More Larry Rudolph ---> Heavy D

Attorney Kendall Minter

https://music.gsu.edu/profile/kendall-minter/

In early 1995, Kendall relocated to Atlanta and joined the firm of Sales Goodloe & Golden, as counsel, where he established and developed an entertainment department. Kendall has also been Of Counsel to the New York City entertainment law firm Rudolph & Beer.

https://www.kendallminteresq.com/clients.html

Past Clients: 

Heavy D & The Boyz, The Backstreet Boys, Ying Yang Twins

 

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Rudolph & Beer represented Blackground Records as well.

https://variety.com/2001/film/news/beer-rudolph-brew-up-film-music-banner-1117798636/

"Its urban clients include Sugar Hill Gang, Ruff Ryders, members of the Wu Tang Clan and Blackground Records."

https://en.wikipedia.org/wiki/Blackground_Records

1993–1996: Jive Records
Barry Hankerson formed Blackground in 1993, as a result of unsuccessful efforts to sign his niece Aaliyah to big record labels. Using his connection with singer R. Kelly, who he managed at the time, Hankerson obtained a contract with Jive to distribute the release of Aaliyah's debut album Age Ain't Nothing but a Number.

Barry Hankerson of Blackground totally s.crewed over Toni Braxton.

 

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https://opencorporates.com/companies/us_ny/2309217

Rudolph & Beer incorporated Blackground in NY.

ALSO!

Check out page 4 here: https://drive.google.com/file/d/1qV8Ai-j4O74oiE5gNGfCxzdRGpOsxLXn/view?usp=sharing

Sports and Entertainment Law Society Holds Discussion on the Legal Aspects of Music and Film 

Featured Speakers were Steven C.Beer, Esq. and Laurence Rudolph, Esq., both of the firm Rudolph and Beer, and DJ. T.A.P. Money, a producer/artist and a client of Rudolph and Beer.

https://greensboro.com/hip-hop-concert-promises-to-be-a-superjam/article_17ab2c8f-c898-50ac-a6bf-fc145615c421.html

Take this year's blockbuster lineup: Sean ``P. Diddy' Combs, Ja Rule and Ashanti plus six of rap music's rising stars, including Nappy Roots and Fat Joe.

Starting at 3 p.m., station DJ Tap Money will broadcast his afternoon radio program live from outside the coliseum. Vendors will sell hot dogs, soft drinks, CDs and SuperJam T-shirts, and Money will give away a handful of free tickets and interview some of the concert's performers, including Ja Rule and Ashanti.

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37 minutes ago, Ghoulia said:

Kendall Minter

A sampling of Mr. Minter’s varied clients, past and present, includes Archbishop Desmond Tutu, Shabba Ranks, Lena Horne, Roy Ayers, Musiq Soulchild, Jermaine Dupri, Najee, Miriam Makeba, Hugh Masekela, Third World, Bunny Wailer, The Government of Jamaica, The Backstreet Boys, Cassandra Wilson, Teddy Riley, Freddie Jackson, former WBO Heavyweight Champion Ray Mercer, Peter Tosh, Ashanti, M.C. Lyte, Heavy D & The Boyz, Mtume, Kirk Franklin, Fred Hammond, Bishop Eddie Long and New Birth Missionary Baptist Church, Juanita Bynum, Arrow Records (Dr. Creflo Dollar), Montell Jordan and Victory World Church and numerous others.

 

https://livinglegendsfoundation.com/27067-2/

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42 minutes ago, Mx_Defying said:

she launched Tri Star—at just 28, with two baseball stars and one boxing heavyweight

When Tri Star opened its doors in 1992, it had three big clients that followed from her old firm: baseball stars Tony Fernandez and Jesse Barfield, and boxer Michael Moorer, who gave Tri Star a big financial boost when he won the heavyweight crown from Evander Holyfield.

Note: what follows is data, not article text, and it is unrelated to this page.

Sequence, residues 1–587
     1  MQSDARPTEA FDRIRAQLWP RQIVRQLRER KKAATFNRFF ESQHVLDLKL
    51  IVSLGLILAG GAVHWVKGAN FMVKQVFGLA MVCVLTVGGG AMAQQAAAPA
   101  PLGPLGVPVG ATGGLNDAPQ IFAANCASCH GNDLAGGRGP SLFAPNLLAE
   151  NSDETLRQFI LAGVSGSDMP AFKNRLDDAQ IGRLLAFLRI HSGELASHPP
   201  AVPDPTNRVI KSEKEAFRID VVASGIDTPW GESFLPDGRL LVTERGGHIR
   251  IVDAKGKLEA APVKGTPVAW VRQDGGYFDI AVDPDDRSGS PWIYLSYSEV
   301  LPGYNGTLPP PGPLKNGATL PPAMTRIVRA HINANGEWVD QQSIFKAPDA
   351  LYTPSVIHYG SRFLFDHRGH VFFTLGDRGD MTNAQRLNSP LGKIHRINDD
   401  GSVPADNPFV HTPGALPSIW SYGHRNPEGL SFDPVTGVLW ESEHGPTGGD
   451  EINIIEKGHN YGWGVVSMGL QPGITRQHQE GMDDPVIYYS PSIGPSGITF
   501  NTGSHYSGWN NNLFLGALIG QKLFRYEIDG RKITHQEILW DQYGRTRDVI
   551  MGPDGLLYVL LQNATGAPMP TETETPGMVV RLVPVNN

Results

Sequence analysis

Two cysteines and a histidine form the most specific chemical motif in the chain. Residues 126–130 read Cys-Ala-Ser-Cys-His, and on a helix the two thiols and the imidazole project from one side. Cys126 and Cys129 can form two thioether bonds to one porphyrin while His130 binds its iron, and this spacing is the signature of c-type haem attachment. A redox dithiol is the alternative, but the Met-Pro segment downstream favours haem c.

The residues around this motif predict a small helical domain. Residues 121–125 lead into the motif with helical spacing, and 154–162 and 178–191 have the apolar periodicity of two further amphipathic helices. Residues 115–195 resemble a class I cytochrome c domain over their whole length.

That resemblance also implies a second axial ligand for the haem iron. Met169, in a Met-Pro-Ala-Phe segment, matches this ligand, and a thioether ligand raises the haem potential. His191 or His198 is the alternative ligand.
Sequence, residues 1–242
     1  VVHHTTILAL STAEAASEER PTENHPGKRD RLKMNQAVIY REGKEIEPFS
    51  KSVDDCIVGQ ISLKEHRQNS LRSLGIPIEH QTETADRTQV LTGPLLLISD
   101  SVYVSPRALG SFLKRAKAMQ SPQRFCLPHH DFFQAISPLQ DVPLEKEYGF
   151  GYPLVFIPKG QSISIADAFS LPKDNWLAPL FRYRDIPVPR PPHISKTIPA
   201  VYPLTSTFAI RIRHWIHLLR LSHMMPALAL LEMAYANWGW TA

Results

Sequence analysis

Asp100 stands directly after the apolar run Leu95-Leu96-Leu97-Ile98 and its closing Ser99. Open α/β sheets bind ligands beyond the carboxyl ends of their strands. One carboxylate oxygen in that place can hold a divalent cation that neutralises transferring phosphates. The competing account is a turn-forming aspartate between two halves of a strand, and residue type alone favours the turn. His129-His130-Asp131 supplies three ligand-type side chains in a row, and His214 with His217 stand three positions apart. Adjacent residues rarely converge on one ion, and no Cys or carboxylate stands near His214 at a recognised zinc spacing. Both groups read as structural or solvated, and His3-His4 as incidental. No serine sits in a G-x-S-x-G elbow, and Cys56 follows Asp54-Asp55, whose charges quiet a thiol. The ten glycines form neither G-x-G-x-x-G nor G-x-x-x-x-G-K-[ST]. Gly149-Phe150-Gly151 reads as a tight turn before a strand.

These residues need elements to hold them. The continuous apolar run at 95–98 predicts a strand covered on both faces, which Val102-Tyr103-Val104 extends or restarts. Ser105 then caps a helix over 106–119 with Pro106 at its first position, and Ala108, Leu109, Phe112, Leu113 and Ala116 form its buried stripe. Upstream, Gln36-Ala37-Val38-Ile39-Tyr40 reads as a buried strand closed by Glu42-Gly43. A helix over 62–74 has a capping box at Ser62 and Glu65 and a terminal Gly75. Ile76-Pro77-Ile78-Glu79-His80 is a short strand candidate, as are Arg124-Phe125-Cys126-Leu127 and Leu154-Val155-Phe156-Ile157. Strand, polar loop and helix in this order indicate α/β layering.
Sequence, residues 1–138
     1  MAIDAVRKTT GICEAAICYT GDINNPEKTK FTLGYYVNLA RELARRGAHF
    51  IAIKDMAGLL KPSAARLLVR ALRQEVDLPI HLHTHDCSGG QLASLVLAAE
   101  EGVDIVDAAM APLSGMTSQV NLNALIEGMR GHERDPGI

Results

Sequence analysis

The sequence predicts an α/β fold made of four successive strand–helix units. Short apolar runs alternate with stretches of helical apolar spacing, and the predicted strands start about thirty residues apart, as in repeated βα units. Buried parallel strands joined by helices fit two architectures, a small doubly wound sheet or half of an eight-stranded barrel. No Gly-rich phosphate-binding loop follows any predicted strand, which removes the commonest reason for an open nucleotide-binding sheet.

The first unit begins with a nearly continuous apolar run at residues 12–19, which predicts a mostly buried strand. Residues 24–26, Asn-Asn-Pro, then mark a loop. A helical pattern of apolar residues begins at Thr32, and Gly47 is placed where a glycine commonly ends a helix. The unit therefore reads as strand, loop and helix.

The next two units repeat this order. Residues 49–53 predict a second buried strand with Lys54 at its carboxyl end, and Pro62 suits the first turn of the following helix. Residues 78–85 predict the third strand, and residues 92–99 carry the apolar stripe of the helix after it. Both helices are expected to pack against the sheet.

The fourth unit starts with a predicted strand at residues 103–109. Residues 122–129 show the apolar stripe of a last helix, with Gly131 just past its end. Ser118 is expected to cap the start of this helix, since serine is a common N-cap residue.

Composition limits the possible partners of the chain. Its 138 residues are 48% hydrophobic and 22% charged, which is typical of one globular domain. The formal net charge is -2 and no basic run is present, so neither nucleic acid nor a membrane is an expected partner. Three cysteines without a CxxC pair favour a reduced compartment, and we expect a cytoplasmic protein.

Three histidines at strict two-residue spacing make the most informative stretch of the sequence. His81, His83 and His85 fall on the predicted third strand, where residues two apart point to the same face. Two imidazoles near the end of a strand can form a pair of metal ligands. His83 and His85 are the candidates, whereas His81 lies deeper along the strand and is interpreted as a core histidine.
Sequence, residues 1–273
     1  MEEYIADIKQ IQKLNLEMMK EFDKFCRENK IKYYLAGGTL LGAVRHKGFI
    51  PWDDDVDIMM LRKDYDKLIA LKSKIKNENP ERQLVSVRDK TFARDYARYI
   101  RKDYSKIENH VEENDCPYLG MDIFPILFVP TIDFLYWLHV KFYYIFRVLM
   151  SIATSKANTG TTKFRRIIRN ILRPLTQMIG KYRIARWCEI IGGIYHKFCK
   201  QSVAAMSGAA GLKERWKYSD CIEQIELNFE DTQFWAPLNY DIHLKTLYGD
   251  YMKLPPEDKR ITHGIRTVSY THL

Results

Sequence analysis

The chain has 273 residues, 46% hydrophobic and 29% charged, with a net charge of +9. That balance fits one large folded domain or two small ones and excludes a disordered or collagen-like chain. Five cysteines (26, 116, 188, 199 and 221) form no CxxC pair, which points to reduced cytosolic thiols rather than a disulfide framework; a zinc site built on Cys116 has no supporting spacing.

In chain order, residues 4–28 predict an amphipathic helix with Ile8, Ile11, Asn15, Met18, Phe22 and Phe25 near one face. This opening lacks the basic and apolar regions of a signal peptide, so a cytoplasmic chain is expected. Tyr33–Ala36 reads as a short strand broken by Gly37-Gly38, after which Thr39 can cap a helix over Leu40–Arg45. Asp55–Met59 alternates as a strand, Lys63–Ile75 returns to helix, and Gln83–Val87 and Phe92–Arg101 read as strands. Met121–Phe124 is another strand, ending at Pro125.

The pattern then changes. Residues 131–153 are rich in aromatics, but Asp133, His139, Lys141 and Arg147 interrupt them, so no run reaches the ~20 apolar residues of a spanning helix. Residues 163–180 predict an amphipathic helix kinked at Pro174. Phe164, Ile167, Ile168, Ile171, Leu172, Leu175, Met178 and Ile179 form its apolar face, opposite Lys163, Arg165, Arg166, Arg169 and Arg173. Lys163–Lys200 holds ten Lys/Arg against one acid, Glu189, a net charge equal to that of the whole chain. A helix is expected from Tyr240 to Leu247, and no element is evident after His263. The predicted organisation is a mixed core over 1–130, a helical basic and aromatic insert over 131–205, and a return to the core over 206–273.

Variety 

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Okay, I’m still wondering how Lou got so much business/credibility without a degree or any experience! I don’t like Larry Rudolph, but he at least has a law degree. That had some marketable skills. What skills does Lou have?????????

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The only entry I have for Uptown Records in the Chronological Timeline so far:

1990 - During this year, Lou M. Taylor and her husband relocate to South Florida for work. Taylor joins a management firm called Davimos, where she works with a roster of big-name sports and music industry clients. “Among them was Andre Harrell, founder of Uptown Records, which had a roster that included Jodeci, Heavy D & the Boyz and a 21-year-old singer named Mary J. Blige (now a Tri Star client), who was recording her debut album “What’s the 411?” with a hot new producer named Sean Combs.”

Source: “Hollywood Business Manager Lou Taylor Is “Ferociously” Breaking the Glass Ceiling,” Ashley Cullins, Hollywood Reporter, October 10, 2019. Accessed August 24, 2022 from https://www.hollywoodreporter.com/news/general-news/how-business-manager-lou-taylor-is-ferociously-breaking-glass-ceiling-1246036/

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I really need to read "Stiffed" again.

June 11, 1992:

"But sources close to the negotiations said that MCA will give Harrell an approximate $7-million annual budget to cover overhead, recording and marketing costs associated with albums released on the Uptown label. MCA and Harrell will co-own rights to all Uptown master recordings and share 50% of the profits earned on each venture."

https://web.archive.org/web/20200509213610/https://www.latimes.com/archives/la-xpm-1992-06-11-ca-247-story.html

 

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Rudolph & Beer's client 'Gerald Austin' --> that must be this guy: https://en.wikipedia.org/wiki/Gerry_Austin

Gerald Austin (born December 4, 1941)[1] is a retired American football official, who worked in the National Football League (NFL) from the 1982 season through the 2007 season.[2] He wore uniform number 34, which is now worn by Clete Blakeman. Austin has officiated in three Super Bowls, one as a side judge and two as a referee.[2] He was also notable being the referee in the 1993 AFC Wild Card playoff game between the Houston Oilers and Buffalo Bills, which would later become known in NFL lore as "The Comeback" for being the greatest comeback by a team in league history. Austin's 2007 NFL officiating crew consisted of Ruben Fowler, Ed Camp, Carl Johnson, Scott Edwards, Alberto Riveron and Bob Lawing.[3]

Is this guy in the Fellowship of Christian Athletes??